The New York Film Festival will screen Police, Adjective tonight at 9:15 and tomorrow evening at 6. Tickets to both screenings are available; IFC Films will release the movie next year.
Many of the films associated with the Romanian New Wave, most notably 4 Months, 3 Weeks and 2 Days, have been set during the 80s, during the crest of the tyrannical Ceausescu years; to understand what’s happening now, those films suggest, we must look back to recent history. But Corneliu Porumboiu’s movies go one reflective step farther: they are set in the present, looking back at the past, so we may understand the present. The marvelous 12:08 East of Bucharest examined, 16 years later, the circumstances of the revolution that brought down the Communist government, but it’s real purpose was to bemoan the failure of Romania to build a better society from that opportunity. His latest, Police, Adjective, another masterpiece, grapples with a similar idea. It’s also about language.
Dragos Bucur plays Cristi, a detective trailing an assignment: an adolescent who enjoys the occasional joint; the teen has been ratted out by his pal, presumably so the former friend can move in on the user’s girl. (Such personal and petty fingerings are normal in Iraq and Afghanistan, too!) Much of the film follows Cristi as he follows the kid around; the cop has a habit of emerging from the margins of frames, almost spectrally—like a held-over ghost, perhaps, from a secret police past. It’s Vertigo-esque, just without any dramatic leaps into the river. Porumboiu lulls the viewer into the dry routines of policework, underscoring the pointlessness of enforcing outmoded laws, to say nothing of the resources wasted. Police, Adjective is not so much concerned with the politics of cinema as it is with simple politics.
Cristi wants to find the dealers and forget the kid; he notes that in the rest of Europe, no one is arrested for sharing a little hashish: Romanian law is behind the times. That shouldn’t come as any surprise, given the vivid sense of ruined place that Porumboiu captures; Romania at large is out of date. At the police station, bathed in the vomit-green glow of neon lights, the lockers are rusting, the paint is chipped and peeling from the walls; the computers look older than typewriters—and possibly don’t even work, as we never see anyone use them. At an apartment building, the mailboxes have long since lost their little doors; the occasional letter simply juts out into the hall. Outdoors, the days are perpetually cloudy, the palette unbrokenly gray. If the films of the Romanian New Wave share a common motif, it’s bleak realism rooted in scene and setting.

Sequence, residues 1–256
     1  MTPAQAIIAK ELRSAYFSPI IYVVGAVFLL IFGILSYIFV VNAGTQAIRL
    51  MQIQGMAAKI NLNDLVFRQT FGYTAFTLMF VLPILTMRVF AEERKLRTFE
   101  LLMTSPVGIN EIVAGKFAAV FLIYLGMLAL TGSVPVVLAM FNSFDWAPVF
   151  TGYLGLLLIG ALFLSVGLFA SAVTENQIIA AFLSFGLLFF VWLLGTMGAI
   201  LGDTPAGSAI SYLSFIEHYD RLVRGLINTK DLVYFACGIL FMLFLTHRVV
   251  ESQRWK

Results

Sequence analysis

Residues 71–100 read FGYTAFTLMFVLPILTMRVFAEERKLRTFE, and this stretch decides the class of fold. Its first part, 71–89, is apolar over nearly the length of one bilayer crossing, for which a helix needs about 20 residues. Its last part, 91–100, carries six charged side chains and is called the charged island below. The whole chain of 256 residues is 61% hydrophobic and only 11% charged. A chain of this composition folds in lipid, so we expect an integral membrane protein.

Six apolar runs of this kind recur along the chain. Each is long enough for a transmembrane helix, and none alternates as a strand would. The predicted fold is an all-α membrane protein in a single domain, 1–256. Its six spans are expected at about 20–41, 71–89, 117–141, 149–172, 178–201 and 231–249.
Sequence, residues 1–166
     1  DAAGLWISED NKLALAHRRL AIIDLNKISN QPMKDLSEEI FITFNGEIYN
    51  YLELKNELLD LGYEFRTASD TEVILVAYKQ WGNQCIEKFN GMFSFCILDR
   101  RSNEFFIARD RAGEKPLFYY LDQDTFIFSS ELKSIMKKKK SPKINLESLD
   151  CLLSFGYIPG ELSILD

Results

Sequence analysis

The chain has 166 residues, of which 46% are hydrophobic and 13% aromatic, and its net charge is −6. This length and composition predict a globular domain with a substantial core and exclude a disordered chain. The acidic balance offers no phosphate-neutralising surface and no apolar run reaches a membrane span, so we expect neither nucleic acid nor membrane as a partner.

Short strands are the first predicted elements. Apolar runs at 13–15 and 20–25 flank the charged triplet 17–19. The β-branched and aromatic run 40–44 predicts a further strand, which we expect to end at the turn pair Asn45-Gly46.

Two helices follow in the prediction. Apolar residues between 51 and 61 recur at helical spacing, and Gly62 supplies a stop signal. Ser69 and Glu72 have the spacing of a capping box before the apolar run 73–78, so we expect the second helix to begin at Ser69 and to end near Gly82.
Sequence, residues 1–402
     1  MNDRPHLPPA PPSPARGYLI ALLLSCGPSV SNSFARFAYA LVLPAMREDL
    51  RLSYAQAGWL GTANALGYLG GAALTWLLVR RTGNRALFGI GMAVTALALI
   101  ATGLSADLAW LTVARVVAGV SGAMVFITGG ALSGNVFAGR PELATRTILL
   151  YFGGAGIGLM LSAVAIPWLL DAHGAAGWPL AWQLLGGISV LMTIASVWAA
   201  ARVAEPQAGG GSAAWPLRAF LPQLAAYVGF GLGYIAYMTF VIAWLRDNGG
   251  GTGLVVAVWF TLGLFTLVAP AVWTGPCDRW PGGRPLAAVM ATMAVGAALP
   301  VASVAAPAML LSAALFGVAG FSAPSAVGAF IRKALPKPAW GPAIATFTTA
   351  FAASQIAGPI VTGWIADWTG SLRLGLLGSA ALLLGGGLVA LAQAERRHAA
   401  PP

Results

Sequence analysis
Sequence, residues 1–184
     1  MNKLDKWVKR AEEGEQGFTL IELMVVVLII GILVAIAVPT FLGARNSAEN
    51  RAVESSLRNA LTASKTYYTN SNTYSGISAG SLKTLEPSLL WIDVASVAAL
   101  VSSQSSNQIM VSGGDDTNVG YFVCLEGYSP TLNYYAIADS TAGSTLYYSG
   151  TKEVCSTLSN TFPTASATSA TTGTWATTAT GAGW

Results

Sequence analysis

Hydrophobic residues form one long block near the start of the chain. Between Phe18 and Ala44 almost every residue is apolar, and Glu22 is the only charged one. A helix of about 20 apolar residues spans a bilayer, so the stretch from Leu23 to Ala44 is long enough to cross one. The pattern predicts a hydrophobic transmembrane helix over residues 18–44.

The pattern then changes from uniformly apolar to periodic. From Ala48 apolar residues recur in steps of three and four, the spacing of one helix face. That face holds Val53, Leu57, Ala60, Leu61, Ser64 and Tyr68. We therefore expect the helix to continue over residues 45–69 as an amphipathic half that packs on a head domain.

But Porumboiu also explores a philosophical angle that transcends the film’s political materialism (and that of his peers); Police, Adjective looks at not only the aggravating backwardness of Romanian government—a system run by secretaries and paper pushers, where a young man’s future potentially rests on stroking the egos of bureaucrats—but also the pernicious role that simple language plays in the culture. Quasi-comic digressions on grammar, usage and literary devices are peppered through the film. (At one point, Cristi mocks the lyricism of a pop song his wife plays on repeat; like 12:08 East of Bucharest‘s quick rebuke of handheld cameras, it’s a bit of aesthetic criticism straight from the director, a defense of his brutally unsentimental filming style. Often shooting from behind fences or in unedited takes, Porumboiu’s confining and merciless camera reflects the oppression of the daily life he depicts.) But these lingual issues don’t quite come to the fore until a brilliant late set piece, in which Cristi’s boss Anghelache (the remarkable Vlad Ivanov, 4 Months…’s abortionist) uses a dictionary to guide a Socratic dialogue (a la Plato’s Crito) about State Law vs. Moral Law. The former may win out, but the point is that when these two are so radically alienated, when law is founded on semantics rather than true morality, your society has failed-and this time, Romania, there’s no more Ceausescu around to blame.